Exploring mobile phone practices ...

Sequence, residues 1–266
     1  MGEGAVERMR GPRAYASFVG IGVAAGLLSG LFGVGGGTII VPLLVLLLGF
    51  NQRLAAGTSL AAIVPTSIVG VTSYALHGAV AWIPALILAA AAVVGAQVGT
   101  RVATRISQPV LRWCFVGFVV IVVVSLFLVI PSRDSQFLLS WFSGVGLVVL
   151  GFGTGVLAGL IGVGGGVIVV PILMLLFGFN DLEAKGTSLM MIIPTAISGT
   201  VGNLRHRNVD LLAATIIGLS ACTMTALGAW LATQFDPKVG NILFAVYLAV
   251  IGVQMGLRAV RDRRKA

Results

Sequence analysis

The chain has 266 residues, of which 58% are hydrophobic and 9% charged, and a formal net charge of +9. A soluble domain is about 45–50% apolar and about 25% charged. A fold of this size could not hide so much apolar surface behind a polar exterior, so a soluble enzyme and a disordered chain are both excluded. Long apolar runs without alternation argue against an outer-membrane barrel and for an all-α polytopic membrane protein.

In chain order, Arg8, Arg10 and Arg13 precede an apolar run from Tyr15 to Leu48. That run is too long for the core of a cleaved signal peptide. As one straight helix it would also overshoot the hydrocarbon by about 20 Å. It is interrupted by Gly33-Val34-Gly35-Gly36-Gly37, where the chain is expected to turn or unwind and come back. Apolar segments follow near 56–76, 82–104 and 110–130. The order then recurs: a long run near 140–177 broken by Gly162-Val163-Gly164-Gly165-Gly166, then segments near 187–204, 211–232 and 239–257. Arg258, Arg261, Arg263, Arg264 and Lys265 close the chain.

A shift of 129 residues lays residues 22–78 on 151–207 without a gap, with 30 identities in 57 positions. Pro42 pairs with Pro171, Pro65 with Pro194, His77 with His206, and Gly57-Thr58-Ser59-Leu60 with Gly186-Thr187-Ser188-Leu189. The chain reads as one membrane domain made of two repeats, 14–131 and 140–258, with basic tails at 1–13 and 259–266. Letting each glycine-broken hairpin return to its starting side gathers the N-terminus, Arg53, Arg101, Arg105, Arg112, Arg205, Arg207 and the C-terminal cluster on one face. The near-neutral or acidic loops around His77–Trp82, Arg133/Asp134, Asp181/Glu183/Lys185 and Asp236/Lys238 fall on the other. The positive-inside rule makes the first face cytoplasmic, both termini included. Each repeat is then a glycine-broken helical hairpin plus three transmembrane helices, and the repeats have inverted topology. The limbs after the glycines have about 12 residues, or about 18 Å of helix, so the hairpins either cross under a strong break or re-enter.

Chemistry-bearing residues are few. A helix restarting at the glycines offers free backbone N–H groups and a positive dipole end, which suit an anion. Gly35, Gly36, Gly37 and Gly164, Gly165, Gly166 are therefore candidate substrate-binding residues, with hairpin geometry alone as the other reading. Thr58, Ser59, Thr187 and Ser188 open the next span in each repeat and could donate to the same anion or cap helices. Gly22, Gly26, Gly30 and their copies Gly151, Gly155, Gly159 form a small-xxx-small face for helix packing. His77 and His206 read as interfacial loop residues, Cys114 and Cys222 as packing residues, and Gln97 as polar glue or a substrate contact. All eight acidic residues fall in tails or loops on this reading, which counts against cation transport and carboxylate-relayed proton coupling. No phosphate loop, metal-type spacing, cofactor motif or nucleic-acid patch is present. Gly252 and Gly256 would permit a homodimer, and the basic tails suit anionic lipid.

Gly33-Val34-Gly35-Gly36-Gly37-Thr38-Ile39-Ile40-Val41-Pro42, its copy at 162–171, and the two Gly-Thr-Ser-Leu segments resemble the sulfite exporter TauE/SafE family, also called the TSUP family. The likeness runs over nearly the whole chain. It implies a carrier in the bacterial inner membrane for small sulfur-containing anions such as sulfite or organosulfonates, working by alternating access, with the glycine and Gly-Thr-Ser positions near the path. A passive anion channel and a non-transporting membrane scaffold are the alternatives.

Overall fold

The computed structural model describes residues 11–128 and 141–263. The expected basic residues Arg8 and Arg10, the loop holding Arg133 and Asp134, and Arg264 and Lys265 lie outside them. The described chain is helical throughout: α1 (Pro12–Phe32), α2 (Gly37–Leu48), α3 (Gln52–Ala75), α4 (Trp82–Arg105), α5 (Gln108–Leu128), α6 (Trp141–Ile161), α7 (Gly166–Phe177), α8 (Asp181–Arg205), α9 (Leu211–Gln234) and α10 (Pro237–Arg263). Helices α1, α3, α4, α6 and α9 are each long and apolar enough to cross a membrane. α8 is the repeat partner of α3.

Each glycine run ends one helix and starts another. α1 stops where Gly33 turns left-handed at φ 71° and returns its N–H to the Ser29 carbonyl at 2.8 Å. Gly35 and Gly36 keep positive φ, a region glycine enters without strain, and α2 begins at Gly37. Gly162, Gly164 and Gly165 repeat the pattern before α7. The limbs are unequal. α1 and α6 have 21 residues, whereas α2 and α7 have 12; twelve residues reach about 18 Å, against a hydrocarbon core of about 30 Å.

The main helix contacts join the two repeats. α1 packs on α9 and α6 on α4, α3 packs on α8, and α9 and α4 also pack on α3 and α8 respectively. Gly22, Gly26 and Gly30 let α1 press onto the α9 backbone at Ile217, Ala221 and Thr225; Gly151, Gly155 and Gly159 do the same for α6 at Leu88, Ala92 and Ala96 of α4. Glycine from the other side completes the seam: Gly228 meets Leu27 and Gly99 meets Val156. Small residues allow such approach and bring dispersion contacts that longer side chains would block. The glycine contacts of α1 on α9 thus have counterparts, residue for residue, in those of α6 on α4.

This article was downloaded by: [University of Rhodes] On: 08 May 2012, At: 04:21 Publisher: Routledge Informa Ltd Registered in England and Wales Registered Number: 1072954 Registered office: Mortimer House, 37-41 Mortimer Street, London W1T 3JH, UK African Identities Publication details, including instructions for authors and subscription information: http://www.tandfonline.com/loi/cafi20 Exploring mobile phone practices in social movements in South Africa – the Western Cape Anti-Eviction Campaign Sarah Chiumbu a a Department of Media Studies, University of the Witwatersrand, South Africa Available online: 01 Mar 2012 To cite this article: Sarah Chiumbu (2012): Exploring mobile phone practices in social movements in South Africa – the Western Cape Anti-Eviction Campaign, African Identities, 10:2, 193-206 To link to this article: http://dx.doi.org/10.1080/14725843.2012.657863 PLEASE SCROLL DOWN FOR ARTICLE Full terms and conditions of use: http://www.tandfonline.com/page/terms-and-conditions This article may be used for research, teaching, and private study purposes. Any substantial or systematic reproduction, redistribution, reselling, loan, sub-licensing, systematic supply, or distribution in any form to anyone is expressly forbidden. The publisher does not give any warranty express or implied or make any representation that the contents will be complete or accurate or up to date. The accuracy of any instructions, formulae, and drug doses should be independently verified with primary sources. The publisher shall not be liable for any loss, actions, claims, proceedings, demand, or costs or damages whatsoever or howsoever caused arising directly or indirectly in connection with or arising out of the use of this material.